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Devanshi Patel


Jaimie Arona Krems


2023 SPSSI Conference:
Parents of Children with Higher Weights are Blamed and Stigmatized

Devanshi Patel, Oklahoma State University
Jaimie Arona Krems, University of California, Los Angeles

“I just think about what other people think of me as a mother… that people look at [my child] and think, ‘What does she feed him?’” (quoted in Jackson et al., 2007, p. 32).  

Courts in seven U.S. states have removed children with “obesity” from parental custody until those children could maintain “healthy-weights.” These rulings—alongside qualitative reports from parents of children with higher weights (PoCH)—suggest that PoCH might be judged by others as being bad parents. We know that, among adults, experiencing weight-related stigma can lead to severe consequences, including diminished economic and educational opportunities, and even potentially increases in weight.  

An attribution theory account of such weight stigma suggests that people attribute the cause of adults’ higher weights to them having personal “flaws”—like laziness or poor impulse control. Indeed, the more that people believe adults are responsible for their own weight problems, the more people stigmatize those adults with higher weight. (In reality, higher weight is caused by a highly complex interplay of genetics, environment, and other factors (Albuquerque, Nobrega, Manco, & Padez, 2017).)  

If people blame and stigmatize adults for their higher weights, might this same phenomenon happen for children? Likely not. Data suggest that people attribute responsibility for childhood obesity not to children themselves but rather to those children’s parents (Patel et al., 2023). And an ecological model for higher weight in childhood suggests that etiological factors such as dietary intake, physical activity, and sedentary behavior affect children’s weights (Davison & Birch, 2001). Again, to the extent that these factors are perceived to be under parental control, parents might be seen as responsible for their children’s weights—and this stigmatized when children have higher weights.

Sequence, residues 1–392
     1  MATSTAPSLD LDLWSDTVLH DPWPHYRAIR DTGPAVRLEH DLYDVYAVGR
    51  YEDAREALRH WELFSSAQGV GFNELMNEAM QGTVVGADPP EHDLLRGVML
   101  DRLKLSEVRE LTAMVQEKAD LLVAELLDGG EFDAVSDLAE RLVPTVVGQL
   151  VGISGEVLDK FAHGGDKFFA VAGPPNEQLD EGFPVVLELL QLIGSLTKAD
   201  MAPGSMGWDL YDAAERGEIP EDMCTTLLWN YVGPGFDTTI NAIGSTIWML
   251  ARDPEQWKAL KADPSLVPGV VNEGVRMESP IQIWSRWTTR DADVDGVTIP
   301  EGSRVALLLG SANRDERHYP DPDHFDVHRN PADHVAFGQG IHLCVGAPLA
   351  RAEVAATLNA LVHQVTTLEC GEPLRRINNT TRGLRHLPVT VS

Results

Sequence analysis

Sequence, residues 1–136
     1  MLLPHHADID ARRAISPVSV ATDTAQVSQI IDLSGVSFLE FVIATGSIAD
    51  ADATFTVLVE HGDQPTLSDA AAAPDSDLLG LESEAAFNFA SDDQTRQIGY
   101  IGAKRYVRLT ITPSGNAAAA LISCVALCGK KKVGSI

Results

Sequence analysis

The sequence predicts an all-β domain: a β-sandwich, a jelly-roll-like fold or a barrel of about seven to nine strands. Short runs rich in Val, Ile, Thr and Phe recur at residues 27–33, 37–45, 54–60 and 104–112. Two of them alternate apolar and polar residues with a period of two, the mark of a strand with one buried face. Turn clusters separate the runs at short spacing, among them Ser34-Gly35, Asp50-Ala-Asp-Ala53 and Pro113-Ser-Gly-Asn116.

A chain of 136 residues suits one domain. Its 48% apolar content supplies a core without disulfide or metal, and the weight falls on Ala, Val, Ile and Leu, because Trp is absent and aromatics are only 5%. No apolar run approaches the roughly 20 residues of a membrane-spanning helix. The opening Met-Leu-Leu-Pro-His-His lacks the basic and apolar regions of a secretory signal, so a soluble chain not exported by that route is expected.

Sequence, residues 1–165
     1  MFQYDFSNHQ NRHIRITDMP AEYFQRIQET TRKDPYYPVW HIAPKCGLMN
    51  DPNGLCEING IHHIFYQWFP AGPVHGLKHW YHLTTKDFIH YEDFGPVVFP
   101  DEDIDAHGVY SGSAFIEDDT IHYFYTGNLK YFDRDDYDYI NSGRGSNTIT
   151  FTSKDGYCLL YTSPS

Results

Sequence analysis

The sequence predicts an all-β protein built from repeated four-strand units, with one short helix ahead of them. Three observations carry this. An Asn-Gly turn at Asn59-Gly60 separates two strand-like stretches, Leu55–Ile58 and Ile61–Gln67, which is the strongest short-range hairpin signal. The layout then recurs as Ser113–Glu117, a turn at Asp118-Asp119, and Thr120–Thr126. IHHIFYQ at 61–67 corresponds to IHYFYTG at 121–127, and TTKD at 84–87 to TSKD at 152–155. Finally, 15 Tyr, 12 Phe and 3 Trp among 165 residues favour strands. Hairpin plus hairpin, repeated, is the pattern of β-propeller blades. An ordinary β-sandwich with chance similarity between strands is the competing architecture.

Yet little work tests whether social perceivers genuinely stigmatize PoCH, or what might drive this phenomenon. In three experiments with U.S. participants (N=1011; two pre-registered), we tested an updated attribution theory model. We predicted and found that social perceivers attribute children’s (excess) weights to parents, and thus stigmatize those parents. Experiments 1 and 2 support this model across parent and child gender combinations. Social perceivers who saw and read about parents of children with “higher-weight” (versus “healthy-weight”) attributed greater responsibility for child weight to parents and, in turn, stigmatized those parents and viewed them as having worse parenting skills. Experiment 3 manipulated these mediating attributions of parental responsibility for child weight, revealing attenuated stigma with lesser attributions of responsibility.  


Findings are among the first to describe and explain stigma toward a large demographic (parents of children with “obesity”). Further exploration of this parental stigma has with major real-world implications, such as for family separation and in healthcare. Future work with the attribution theory account for parental stigma may additionally illuminate the psychology underlying stigma toward parents of children with other potentially stigma-evoking identities. 

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